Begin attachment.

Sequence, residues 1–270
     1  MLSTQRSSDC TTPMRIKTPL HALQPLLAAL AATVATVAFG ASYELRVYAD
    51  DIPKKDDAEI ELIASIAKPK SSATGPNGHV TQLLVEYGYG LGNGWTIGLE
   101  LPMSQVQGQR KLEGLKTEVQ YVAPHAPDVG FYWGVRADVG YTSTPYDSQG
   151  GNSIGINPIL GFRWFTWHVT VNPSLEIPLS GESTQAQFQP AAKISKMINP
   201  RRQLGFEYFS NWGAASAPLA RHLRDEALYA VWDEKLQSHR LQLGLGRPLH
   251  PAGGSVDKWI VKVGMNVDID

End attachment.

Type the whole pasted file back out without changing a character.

Sequence, residues 1–270
     1  MLSTQRSSDC TTPMRIKTPL HALQPLLAAL AATVATVAFG ASYELRVYAD
    51  DIPKKDDAEI ELIASIAKPK SSATGPNGHV TQLLVEYGYG LGNGWTIGLE
   101  LPMSQVQGQR KLEGLKTEVQ YVAPHAPDVG FYWGVRADVG YTSTPYDSQG
   151  GNSIGINPIL GFRWFTWHVT VNPSLEIPLS GESTQAQFQP AAKISKMINP
   201  RRQLGFEYFS NWGAASAPLA RHLRDEALYA VWDEKLQSHR LQLGLGRPLH
   251  PAGGSVDKWI VKVGMNVDID